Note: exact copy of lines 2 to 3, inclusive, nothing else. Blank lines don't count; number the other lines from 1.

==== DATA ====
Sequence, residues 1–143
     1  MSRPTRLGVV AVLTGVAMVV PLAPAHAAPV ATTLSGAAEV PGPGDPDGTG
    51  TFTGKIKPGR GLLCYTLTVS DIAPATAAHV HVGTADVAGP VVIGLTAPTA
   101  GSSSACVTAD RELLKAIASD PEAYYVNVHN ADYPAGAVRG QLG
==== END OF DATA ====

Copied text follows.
     1  MSRPTRLGVV AVLTGVAMVV PLAPAHAAPV ATTLSGAAEV PGPGDPDGTG
    51  TFTGKIKPGR GLLCYTLTVS DIAPATAAHV HVGTADVAGP VVIGLTAPTA